Does tech work for us or do we work for tech?

We live in a world that’s more connected than ever — a world where everything is social, smart and digital. In concept, all this connectivity sounds great. But it somehow seems that all this very well-intentioned technology tends to complicate the tasks they were meant to simplify.

The future is here. And to be honest, it’s amazing that we’re able to get anything done at all. If all the accounts, logins and passwords to remember aren’t enough to slow us down, there’s the software updates, malware, startups, helpdesks, training and licenses to deal with that certainly will. What a mess!

I’m often left asking, “does the technology work for us or do we work for the technology?”

For decades, more technology often meant more productivity. But now I wonder if we’re confusing dependency with productivity. It’s not a good thing. Our tech tools are beginning to fail us.

As a high-technology manufacturer of productivity products, I spend a lot of time talking with my team about this very topic. Together, we’ve identified a few key trends to guide where we’d like to see technology products go, including our own.

Simplify your life. Your smartwatch might remind you to breathe and stand, but it also nags you that it needs charged. Is it relieving your life’s problems or creating new ones? There’s no point in letting technology manage your life if your life must now be dedicated to managing the technology. In fact, this was the genesis behind Boogie Board, our brand of electronic writing tablet. That’s because we had to focus a great deal of our competitive energy on the most back-to-basics technology of all: paper.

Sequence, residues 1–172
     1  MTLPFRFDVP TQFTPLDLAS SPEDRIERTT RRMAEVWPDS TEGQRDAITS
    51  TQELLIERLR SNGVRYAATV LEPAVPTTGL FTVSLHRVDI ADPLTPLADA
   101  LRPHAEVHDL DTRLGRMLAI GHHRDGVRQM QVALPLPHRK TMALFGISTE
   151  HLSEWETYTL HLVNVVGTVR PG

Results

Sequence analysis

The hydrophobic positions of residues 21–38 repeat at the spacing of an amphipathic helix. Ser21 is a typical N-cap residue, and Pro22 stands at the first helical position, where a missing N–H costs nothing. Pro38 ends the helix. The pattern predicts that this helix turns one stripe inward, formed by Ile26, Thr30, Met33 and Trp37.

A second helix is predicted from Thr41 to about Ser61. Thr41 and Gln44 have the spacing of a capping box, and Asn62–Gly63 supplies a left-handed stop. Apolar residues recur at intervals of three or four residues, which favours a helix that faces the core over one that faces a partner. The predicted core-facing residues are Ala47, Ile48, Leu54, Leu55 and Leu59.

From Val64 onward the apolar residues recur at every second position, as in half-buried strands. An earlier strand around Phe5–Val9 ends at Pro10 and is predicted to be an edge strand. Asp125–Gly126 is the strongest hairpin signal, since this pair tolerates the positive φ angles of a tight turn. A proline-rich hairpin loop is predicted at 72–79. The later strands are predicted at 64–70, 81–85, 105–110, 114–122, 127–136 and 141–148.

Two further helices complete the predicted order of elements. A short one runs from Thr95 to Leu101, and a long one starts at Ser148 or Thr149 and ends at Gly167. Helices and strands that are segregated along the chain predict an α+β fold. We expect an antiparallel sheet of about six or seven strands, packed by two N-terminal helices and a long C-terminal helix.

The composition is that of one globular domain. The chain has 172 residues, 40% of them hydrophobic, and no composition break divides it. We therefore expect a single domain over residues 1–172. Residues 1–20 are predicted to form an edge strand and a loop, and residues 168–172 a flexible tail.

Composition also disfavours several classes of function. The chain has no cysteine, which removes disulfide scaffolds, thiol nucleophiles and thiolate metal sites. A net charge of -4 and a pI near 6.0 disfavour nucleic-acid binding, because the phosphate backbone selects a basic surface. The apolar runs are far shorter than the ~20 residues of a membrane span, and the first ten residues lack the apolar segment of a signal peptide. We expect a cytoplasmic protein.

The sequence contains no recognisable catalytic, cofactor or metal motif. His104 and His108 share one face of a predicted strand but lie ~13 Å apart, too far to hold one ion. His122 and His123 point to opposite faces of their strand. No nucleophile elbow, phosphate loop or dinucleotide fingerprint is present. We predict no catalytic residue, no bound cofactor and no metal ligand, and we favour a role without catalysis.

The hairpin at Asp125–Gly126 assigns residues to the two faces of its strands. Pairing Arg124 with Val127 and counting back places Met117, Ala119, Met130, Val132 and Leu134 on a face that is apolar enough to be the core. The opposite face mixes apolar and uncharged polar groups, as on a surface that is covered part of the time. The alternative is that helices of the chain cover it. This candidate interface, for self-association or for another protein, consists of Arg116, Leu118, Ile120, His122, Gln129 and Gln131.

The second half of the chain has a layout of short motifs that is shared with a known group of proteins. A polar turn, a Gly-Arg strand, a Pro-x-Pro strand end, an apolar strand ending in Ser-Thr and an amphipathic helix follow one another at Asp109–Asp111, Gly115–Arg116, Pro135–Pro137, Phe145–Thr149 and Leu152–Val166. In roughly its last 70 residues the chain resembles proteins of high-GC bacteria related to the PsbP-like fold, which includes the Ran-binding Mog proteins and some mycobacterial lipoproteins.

Work without distractions. We understand that those little red notification bubbles are addicting, but they’re also distracting. Technology that enables you to escape the fatiguing chaos will prevail.

Always on and ready to use. It seems that instruction manuals are a thing of the past for most products these days, and that’s a good thing because it means products have gotten easier to use. But the learning curve that once held us back has been replaced with setups, updates and boot-ups. We see a future where the technology is always waiting for you with no disruption between when you’re needing it and when it’s ready for you.

Social without a login. Despite all the connectivity, face-to-face communication is not dead. The desire for tech tools that enable us to work together collaboratively, but not necessarily remotely, is greater than ever.

In an era where new tech products are constantly fighting for our attention to justify their purpose with LEDs, notifications, alerts and so on, this back-to-basics vision for the future will undoubtedly be among technology’s greatest challenges yet.

Dr. Albert Green, CEO of Kent Displays, Inc., is a corporate thought leader who demonstrates an incredible tenacity to transform companies, industries and communities as a whole.